Proposed legislation would provide funding for U.S. manufacturing startups, but human capital remains in short supply.
The pandemic that has crushed global supply chains is reviving efforts to begin the arduous and costly process of reviving U.S. manufacturing capacity through expanded access to capital for startups.
While the legislative proposal to jump-start manufacturing was welcomed by supply chain experts, they also note that scaling that effort will require years of “patient” investment along with the human capital currently in short supply in the West after four decades of Chinese manufacturing dominance.
The manufacturing initiative reintroduced by Sen. Corey Booker, (D-NJ) on March 12 would establish an investment fund overseen by the U.S. Small Business Administration. Booker said the proposed Scale-Up Manufacturing Investment Company Act would offer federal loan guarantees to investors who back advanced manufacturing startups in the U.S.
“The coronavirus has highlighted our economy’s troubling over-reliance on China for supplies,” Booker said. “These vulnerabilities we’re seeing in our supply chain speak to our failure as a country to invest in our own competitiveness.
“To remain competitive and keep innovative technologies and capabilities in the U.S., the federal government must partner with the private sector to increase access to capital,” Booker added. The proposal would help startups scale and commercialize advanced manufacturing technologies.
Lack of access to capital is seen as a key reason why innovative startups move operations overseas where financing is more readily available for scaling operations.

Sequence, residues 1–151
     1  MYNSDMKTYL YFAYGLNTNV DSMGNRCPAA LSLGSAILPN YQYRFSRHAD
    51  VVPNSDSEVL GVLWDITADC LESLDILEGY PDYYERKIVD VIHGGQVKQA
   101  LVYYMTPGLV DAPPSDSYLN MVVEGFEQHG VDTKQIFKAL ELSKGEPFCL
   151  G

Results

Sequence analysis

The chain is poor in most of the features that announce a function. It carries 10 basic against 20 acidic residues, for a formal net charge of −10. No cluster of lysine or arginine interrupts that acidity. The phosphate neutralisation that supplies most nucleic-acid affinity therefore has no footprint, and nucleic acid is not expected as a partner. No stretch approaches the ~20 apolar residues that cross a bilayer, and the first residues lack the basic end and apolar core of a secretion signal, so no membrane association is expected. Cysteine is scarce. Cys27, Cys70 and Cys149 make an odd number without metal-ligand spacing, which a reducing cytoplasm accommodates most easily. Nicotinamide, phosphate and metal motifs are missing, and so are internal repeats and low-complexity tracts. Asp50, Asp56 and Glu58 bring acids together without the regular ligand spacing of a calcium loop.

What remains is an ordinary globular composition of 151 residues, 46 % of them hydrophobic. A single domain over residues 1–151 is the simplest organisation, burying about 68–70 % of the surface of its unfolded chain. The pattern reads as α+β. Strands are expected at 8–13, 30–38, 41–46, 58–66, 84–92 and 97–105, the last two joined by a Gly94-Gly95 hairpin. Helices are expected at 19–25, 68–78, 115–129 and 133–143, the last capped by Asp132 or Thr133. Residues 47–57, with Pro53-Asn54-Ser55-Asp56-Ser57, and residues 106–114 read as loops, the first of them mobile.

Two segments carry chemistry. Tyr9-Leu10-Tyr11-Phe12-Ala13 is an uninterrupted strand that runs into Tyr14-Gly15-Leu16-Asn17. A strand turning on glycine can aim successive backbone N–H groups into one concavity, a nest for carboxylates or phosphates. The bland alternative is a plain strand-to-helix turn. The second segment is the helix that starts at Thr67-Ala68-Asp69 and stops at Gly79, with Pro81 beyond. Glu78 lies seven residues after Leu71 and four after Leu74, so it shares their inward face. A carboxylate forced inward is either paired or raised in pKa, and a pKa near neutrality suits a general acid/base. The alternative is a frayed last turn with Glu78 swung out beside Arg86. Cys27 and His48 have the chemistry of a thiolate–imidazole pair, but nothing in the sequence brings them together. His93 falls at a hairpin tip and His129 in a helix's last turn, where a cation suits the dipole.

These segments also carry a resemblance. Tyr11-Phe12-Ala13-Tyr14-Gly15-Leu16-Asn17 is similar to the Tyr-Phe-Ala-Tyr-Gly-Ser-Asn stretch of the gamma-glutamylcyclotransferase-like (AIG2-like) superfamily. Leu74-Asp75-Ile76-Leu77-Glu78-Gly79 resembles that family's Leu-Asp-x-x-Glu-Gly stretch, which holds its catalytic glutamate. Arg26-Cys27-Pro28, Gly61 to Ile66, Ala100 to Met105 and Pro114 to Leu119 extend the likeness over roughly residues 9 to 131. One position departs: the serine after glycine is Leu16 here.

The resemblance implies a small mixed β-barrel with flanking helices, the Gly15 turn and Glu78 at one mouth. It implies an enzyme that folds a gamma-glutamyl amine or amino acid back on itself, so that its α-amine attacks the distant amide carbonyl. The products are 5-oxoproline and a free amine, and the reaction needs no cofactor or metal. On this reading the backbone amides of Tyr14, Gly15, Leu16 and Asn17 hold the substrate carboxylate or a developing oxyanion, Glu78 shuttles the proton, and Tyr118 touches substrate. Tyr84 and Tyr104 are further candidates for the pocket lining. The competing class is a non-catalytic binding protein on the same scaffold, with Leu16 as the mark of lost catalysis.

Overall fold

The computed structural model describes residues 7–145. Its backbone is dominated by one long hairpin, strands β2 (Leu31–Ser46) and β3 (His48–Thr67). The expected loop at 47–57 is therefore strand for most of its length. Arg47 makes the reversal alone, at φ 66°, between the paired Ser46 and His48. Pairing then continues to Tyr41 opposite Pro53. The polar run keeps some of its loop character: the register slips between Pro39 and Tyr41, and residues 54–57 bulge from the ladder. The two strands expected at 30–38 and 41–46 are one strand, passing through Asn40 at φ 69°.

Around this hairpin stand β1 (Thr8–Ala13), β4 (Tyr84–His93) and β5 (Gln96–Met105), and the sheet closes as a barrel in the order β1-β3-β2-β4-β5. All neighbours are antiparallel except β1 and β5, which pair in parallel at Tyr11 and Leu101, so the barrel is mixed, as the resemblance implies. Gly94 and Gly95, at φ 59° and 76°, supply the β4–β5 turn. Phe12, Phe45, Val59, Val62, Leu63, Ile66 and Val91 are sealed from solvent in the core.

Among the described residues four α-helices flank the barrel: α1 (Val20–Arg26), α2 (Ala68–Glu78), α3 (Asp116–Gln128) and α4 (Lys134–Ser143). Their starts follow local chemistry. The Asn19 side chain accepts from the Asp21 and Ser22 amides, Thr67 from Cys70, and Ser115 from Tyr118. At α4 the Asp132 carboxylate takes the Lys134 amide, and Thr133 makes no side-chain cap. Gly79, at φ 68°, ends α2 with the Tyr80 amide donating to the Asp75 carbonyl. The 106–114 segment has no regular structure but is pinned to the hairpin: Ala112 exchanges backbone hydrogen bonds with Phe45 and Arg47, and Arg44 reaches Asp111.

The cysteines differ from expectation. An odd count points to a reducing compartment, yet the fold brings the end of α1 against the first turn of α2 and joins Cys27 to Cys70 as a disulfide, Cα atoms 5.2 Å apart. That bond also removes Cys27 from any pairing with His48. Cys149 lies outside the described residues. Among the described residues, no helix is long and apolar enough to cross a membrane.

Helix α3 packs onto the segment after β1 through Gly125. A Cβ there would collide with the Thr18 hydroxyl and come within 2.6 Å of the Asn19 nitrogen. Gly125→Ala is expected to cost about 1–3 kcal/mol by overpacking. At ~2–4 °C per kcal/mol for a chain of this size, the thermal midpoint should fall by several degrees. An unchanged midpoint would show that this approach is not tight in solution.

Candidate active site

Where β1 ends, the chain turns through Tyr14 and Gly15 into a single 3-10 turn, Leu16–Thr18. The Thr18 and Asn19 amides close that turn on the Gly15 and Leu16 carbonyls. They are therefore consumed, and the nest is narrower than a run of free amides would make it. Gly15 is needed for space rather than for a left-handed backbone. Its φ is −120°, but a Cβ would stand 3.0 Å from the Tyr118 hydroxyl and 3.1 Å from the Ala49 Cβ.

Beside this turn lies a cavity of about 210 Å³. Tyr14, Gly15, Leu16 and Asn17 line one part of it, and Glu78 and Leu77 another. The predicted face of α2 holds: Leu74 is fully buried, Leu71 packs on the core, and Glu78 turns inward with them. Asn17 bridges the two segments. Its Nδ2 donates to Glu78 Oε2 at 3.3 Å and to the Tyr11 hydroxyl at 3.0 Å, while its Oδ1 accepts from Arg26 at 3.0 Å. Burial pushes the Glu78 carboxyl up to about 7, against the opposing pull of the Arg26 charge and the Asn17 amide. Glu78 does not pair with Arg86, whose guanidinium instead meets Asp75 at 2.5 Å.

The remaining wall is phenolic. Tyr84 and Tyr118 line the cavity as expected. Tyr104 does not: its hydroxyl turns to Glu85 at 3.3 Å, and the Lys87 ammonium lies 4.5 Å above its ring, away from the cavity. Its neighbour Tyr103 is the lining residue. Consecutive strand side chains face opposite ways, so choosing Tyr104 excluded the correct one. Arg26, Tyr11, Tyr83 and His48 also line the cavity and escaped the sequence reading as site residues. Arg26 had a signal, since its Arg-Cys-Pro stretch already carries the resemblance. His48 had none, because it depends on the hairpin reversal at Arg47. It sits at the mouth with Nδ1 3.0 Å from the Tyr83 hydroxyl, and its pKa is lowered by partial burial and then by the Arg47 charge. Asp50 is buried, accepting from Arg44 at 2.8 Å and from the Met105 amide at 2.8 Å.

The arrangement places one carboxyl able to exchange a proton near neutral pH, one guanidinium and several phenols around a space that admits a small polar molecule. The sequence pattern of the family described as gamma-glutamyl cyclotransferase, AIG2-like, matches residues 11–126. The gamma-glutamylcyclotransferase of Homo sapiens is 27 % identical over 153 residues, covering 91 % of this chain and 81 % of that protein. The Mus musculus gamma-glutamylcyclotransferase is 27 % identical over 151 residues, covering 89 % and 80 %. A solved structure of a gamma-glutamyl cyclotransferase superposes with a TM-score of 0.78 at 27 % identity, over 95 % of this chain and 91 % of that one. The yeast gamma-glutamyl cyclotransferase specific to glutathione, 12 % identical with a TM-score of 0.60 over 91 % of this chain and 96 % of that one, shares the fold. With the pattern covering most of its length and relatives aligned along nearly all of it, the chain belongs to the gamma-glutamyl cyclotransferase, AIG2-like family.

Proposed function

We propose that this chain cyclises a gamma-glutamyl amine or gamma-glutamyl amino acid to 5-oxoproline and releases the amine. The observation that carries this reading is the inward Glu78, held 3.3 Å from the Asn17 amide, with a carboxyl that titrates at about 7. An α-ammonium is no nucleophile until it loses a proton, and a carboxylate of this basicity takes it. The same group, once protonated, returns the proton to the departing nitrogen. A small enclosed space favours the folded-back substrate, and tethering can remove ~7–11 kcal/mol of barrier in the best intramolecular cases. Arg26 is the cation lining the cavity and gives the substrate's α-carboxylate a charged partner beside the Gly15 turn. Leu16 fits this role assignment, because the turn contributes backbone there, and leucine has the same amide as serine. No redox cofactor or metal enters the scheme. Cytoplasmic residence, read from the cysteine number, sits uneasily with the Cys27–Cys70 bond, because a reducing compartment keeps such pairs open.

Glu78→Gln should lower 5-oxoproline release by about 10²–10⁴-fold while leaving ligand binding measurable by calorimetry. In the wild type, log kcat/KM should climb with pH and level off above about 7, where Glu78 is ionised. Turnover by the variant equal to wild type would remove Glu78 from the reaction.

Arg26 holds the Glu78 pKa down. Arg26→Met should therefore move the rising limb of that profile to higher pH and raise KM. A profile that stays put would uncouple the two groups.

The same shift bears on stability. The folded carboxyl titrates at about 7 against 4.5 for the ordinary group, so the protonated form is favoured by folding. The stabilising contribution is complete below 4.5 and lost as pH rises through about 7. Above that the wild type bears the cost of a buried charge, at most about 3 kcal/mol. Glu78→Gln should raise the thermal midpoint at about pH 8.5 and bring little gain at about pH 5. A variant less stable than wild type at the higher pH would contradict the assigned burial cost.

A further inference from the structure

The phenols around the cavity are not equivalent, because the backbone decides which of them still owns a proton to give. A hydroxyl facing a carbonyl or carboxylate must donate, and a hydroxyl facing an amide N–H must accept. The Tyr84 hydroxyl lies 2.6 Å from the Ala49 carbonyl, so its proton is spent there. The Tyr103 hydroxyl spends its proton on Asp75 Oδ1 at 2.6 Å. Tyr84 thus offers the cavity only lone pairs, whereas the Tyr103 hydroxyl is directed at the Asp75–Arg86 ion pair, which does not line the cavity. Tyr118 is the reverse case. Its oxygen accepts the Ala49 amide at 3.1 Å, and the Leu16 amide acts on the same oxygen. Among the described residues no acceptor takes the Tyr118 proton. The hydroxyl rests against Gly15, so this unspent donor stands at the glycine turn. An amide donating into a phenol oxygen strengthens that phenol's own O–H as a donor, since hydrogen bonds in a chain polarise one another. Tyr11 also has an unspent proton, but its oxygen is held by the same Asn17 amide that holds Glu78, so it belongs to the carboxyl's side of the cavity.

Lack of human capital is another problem since the U.S. has largely lost its ability to manufacture goods as the American economy overwhelmingly shifts toward design and services.
Coronavirus Highlights West’s Frailty
While the current pandemic has delivered an unprecedented shock to the global financial system and the supply networks that underpin it, efforts to rebuild manufacturing capacity outside China would ultimately require concerted action by groups of companies investing billions of dollars over multiple years just to get up to speed, said Dan Breznitz, Munk Chair of Innovation Studies at the University of Toronto.
What is needed is a “set of complementary institutions, human capital [and] knowledge” akin to what China has developed over four decades “that the U.S. doesn’t have,” Breznitz notes.
As a way to wean itself from dependency on Chinese manufacturers, Breznitz advocates a reconfiguration of supply networks around regional manufacturing hubs for, say, North American.
Once a regional manufacturing capability is rebuilt and scaled up through investment and skills retraining, those efficiencies would make it “easier to [make] and move stuff,” Breznitz said.
Booker’s office did not respond to our query about how much his manufacturing initiative would cost.